4:51 PM, Jun 13, 2014 • By JEFFREY H. ANDERSON
If there is any realm of policy that the American Founders were most firmly committed to having be decided by the most representative branch — the Congress — it was presumably the realm of taxation. Those who wrote the Constitution were not content even to let the Senate initiate tax policy. Instead, Article I, Section 7 of the Constitution specifies, “All Bills for raising R
1:32 PM, Jun 10, 2014 • By DANIEL HALPER
Nancy Pelosi is fundraising to amend the Constitution of the United States.
"You might miss out on history," she writes in an email sent out on the Mother Jones email list.
"931,561 people and counting have added their name calling for a Constitutional amendment to end Citizens United.
1:05 PM, Jun 3, 2014 • By ADAM J. WHITE
From 2005 through 2008, legal scholars and Democratic politicians heaped relentless scorn upon the Bush administration for arguing that the president's constitutional commander-in-chief powers superseded statutes that might limit his discretion.
8:02 AM, Apr 24, 2014 • By JEFFREY H. ANDERSON
It is becoming increasingly hard to tell whether Obamacare is the law of the land, or just the law of the parts of the land that don’t reside in (or aren’t in the good graces of) the executive branch. One wonders: Is it really too much to expect an administration that championed the passage of a 2,700-page overhaul of American medicine to live by the same law it was so eager to impose on others?
The Framers of the Constitution, that’s who.Jan 20, 2014, Vol. 19, No. 18 • By DAVID M. WAGNER
As an institution, the jury—especially in civil cases—is having a bad run these days. Nobody likes that summons in the mail (even though clerks-of-court in the electronic era have figured out ways to make jury service less of a hassle).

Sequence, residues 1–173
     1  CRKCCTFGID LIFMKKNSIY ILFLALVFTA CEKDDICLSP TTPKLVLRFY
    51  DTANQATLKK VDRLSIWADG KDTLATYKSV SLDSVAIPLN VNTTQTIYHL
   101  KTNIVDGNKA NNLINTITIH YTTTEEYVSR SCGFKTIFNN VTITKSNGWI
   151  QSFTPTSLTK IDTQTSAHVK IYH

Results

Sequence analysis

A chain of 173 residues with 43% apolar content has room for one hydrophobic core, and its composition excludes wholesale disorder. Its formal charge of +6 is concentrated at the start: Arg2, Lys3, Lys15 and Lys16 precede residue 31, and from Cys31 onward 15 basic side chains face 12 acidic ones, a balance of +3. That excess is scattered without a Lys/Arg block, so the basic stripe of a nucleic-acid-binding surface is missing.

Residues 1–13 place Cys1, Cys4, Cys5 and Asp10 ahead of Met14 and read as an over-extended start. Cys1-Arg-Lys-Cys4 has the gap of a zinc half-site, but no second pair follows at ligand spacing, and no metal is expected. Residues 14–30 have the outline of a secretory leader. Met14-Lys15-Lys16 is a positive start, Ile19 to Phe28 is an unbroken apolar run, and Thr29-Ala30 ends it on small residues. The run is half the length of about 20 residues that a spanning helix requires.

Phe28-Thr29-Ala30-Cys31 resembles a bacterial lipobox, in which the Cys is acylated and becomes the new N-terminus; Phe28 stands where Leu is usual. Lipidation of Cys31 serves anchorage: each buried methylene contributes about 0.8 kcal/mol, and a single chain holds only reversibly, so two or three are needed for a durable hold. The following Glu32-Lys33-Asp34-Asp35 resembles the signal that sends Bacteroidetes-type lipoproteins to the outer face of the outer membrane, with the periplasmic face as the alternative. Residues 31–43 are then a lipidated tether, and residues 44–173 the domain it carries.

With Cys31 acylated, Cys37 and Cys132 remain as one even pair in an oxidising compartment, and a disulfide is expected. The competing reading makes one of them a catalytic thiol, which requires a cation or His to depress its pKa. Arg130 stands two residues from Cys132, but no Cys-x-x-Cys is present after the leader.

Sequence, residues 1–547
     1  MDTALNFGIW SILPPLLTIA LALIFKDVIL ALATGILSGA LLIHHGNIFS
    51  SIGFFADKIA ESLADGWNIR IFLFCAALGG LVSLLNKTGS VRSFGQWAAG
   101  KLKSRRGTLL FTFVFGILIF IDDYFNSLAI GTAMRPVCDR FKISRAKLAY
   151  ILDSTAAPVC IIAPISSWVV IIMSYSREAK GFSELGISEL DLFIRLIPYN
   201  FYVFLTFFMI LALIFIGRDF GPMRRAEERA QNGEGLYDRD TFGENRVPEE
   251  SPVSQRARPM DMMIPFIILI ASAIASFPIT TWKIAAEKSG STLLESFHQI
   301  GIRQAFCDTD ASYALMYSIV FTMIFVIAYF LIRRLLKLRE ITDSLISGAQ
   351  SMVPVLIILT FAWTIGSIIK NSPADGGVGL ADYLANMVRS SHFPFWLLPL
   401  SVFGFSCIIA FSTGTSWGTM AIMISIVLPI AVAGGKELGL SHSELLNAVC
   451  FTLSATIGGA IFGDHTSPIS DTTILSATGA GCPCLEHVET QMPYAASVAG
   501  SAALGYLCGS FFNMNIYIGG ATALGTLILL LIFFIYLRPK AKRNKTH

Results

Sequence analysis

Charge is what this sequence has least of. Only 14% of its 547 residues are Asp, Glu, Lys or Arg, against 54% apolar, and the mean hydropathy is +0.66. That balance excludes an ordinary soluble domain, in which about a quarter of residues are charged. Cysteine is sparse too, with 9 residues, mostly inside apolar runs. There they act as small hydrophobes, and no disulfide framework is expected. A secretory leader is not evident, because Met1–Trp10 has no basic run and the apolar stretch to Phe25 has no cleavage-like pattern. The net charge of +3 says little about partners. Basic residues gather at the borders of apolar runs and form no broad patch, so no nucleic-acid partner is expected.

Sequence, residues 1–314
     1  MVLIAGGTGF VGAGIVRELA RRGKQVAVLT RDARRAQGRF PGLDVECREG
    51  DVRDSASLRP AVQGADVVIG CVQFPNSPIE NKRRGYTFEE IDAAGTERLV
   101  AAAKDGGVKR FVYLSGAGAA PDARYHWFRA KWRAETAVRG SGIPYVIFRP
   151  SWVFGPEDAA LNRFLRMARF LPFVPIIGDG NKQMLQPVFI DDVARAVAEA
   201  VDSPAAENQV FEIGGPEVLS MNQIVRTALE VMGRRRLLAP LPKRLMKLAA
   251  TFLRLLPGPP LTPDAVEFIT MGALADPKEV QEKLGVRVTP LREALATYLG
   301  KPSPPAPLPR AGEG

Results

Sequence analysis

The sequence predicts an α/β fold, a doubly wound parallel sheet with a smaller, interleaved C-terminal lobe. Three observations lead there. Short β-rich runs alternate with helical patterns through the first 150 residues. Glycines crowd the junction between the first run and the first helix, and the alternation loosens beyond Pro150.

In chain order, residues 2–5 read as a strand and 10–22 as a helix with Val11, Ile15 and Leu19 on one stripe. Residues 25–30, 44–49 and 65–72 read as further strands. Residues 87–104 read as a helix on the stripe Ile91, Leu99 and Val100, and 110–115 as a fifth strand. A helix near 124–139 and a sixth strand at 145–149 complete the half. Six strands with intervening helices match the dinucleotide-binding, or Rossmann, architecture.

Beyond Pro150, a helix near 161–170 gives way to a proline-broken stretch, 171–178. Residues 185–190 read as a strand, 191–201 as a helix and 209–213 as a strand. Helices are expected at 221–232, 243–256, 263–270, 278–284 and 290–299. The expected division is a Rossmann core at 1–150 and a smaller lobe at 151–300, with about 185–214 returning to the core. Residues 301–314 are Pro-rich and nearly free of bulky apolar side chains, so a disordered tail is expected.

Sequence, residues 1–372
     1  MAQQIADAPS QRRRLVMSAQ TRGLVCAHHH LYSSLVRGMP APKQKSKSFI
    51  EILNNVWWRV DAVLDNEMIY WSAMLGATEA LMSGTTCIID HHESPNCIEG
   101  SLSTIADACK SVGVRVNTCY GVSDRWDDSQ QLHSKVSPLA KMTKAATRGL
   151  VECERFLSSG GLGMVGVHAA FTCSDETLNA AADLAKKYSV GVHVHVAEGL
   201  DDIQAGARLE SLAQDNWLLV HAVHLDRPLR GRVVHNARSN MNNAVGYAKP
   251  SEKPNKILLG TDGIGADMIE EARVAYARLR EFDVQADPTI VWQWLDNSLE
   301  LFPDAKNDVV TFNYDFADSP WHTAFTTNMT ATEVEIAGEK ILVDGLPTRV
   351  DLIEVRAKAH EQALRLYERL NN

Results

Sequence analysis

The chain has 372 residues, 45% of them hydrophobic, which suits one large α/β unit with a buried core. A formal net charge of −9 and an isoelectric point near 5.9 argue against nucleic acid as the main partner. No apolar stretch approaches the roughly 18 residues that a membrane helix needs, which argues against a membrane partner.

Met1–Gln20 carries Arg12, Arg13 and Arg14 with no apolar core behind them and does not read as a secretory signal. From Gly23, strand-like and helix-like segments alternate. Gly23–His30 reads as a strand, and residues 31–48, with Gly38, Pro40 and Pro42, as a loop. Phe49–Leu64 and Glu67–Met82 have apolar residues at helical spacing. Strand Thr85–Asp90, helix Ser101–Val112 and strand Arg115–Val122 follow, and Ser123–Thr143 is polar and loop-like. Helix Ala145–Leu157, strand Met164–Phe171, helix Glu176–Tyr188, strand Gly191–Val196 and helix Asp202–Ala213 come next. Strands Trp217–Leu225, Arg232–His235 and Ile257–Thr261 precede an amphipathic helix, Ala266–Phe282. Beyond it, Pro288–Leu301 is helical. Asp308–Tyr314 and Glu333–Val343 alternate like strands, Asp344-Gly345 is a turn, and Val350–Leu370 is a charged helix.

11:31 AM, Nov 18, 2013 • By DANIEL HALPER
Democratic congressman Nick Rahall says he voted for the Keep Your Health Plan Act because President Obama's Obamacare fix lacked the "legal underpinning" he believes is necessary:
"Did you vote yes because you think that the president didn't go far enough?" a CBS reporter asked the congressman.
"I voted yes, perhaps that was part of the reason," said Rahall. "But the main reason was, I'm not sure he had the legal underpinning to do what he did."
2:40 PM, Nov 15, 2013 • By JEFFREY H. ANDERSON
Remember back (a few short weeks ago) when the Democrats were arguing that Obamacare was the law of the land, that it hadn’t been struck down by the Supreme Court (as if avoiding that ignominious fate by a razor-slim 5-4 vote were a selling point), and that Republicans—and the American people—just needed to get over it and accept Obamacare as settled law forevermore? Well, it now appears what they meant was that, while the American people are powerless to change (or repeal) the law that the Democrats passed, the Democratic president can do so at his whim. Apparently, the federal lawmaking authority has now moved to the other end of Pennsylvania Avenue.
9:06 AM, Oct 2, 2013 • By DANIEL HALPER
John McCormack reports on Twitter that a World War I Memorial is closed due to the federal government shutdown. However, a sign posted by the National Park Service says that despite the memorial's closure, there is an exception "for 1st Amendment activities."
8:24 AM, Sep 24, 2013 • By JERYL BIER
Speaking last Wednesday at the Center for American Progress (CAP), Democratic Leader of the House Nancy Pelosi became a little confused at one point, stumbling over her words and flipping through her notes while referencing one of the founding documents of the United States. Rep. Pelosi was recalling an early women's rights convention held in Seneca Falls, New York 165 years ago.